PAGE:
Top 50 Best Films of 2016


With 2016 quickly becoming a distant memory, and rightfully so, I thought we should pause to reflect the good that came out of said year, specifically the good films.

However, if you want to revel in the year we don’t talk about anymore, feel free to relive the very worst films the year had to offer here in my ‘Top 10 Worst Films of 2016’ list.

In this list I am going to take you through my 50 favourite films of the year, I’m sure you have read enough of these lists to get the gist; UK releases, I didn’t see every film out this year, and movies are subjective. So without further ado lets start with some honourable mentions that didn’t quite make the cut but I enjoyed or appreciated to some degree!

Honourable Mentions; ‘A United Kingdom’, ‘Concussion’, ‘The VVitch’, ‘Disorder’, ‘Goosebumps’, ‘Anthropoid’, ‘Trumbo’, ‘American Honey’, ‘When Marnie Was There’, ‘Sausage Party’, ‘Hunt for the Wilderpeople’ & ‘Youth’.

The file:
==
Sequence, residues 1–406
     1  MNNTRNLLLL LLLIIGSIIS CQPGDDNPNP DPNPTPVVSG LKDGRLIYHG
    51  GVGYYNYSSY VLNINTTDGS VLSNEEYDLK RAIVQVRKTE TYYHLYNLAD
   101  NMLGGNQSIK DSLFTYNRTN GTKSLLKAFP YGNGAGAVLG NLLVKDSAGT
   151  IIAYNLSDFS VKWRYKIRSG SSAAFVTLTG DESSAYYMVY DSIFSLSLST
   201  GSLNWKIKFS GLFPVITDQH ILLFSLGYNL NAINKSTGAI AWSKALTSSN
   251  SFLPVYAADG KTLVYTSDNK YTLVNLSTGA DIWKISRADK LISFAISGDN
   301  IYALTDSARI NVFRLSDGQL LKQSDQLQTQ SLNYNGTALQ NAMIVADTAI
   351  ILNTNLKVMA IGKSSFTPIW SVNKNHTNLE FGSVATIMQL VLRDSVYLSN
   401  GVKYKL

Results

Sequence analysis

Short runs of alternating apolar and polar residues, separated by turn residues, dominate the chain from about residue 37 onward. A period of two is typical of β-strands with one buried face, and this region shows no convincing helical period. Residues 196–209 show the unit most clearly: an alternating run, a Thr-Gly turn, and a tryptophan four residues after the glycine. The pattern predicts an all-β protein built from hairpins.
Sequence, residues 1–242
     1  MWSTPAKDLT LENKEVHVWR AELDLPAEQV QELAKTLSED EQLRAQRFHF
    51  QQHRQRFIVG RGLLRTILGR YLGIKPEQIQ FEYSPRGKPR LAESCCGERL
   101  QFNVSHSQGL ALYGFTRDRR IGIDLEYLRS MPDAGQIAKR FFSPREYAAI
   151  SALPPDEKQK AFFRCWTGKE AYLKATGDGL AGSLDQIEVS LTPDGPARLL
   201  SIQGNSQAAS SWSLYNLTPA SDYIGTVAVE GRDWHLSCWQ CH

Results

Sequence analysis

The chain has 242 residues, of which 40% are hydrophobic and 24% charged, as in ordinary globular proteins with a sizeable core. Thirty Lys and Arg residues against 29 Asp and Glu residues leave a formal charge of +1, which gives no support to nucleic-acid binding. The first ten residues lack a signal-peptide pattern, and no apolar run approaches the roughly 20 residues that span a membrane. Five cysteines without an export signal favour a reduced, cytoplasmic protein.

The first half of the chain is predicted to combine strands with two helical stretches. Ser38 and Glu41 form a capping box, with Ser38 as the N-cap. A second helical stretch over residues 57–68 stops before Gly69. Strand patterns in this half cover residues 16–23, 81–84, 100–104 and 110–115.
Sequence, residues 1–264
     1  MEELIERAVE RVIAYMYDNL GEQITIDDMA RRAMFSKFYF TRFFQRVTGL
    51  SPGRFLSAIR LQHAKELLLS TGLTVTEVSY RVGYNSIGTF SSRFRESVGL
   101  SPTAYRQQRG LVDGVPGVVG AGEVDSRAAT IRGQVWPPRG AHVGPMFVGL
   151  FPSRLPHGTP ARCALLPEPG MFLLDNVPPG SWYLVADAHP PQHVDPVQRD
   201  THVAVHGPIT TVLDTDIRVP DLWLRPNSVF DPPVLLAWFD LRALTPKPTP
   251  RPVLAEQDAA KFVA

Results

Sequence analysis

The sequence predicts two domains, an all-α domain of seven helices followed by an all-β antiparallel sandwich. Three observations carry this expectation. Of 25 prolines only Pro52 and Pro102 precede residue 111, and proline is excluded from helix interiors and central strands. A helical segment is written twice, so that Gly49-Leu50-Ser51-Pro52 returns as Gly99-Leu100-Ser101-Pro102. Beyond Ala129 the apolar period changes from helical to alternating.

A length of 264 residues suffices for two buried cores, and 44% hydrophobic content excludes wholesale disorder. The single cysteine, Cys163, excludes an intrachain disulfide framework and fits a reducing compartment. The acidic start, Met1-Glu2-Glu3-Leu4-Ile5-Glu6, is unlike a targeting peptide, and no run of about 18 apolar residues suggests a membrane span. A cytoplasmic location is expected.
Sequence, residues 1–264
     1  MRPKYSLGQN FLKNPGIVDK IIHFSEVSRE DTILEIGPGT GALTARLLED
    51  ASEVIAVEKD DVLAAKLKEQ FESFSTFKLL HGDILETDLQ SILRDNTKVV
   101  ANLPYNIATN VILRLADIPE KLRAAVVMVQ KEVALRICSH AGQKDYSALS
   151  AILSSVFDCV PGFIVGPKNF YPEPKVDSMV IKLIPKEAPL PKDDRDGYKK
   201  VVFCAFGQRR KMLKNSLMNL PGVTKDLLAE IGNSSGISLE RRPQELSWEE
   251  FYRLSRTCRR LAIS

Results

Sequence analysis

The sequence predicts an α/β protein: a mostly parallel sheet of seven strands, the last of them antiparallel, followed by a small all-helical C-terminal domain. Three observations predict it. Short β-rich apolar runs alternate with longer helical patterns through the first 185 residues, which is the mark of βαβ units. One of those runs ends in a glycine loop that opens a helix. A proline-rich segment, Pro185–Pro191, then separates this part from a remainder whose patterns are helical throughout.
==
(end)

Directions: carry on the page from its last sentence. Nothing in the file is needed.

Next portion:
#50. Office Christmas Party


To start of my countdown we’ve a film that you probably won’t see appearing on too many positive end of year lists. However, ‘Office Christmas Party’ manged to do what few other comedies could do this year, make me laugh. It’s certainly not a great film but in terms of a throwaway comedy for a bit of fun it works really well. The likeable cast give the film a massive boost and it’s the performances from Kate McKinnon and Jennifer Aniston which make it so enjoyable. 

To read my full REVIEW click HERE.

#49. Sully


‘Sully’ saw director Clint Eastwood and leading man Tom Hanks take on the true story of the miracle on the Hudson River. Whilst at first I wasn’t liking the direction in which the movie was going when the narrative settles down and tells it story in a straightforward manner ‘Sully’ becomes very compelling. Overall the performances and direction are good and what’s so refreshing is the concise running time meaning that this biographical drama never over stays its welcome.

To read my full REVIEW click HERE.

#48. Chi-Raq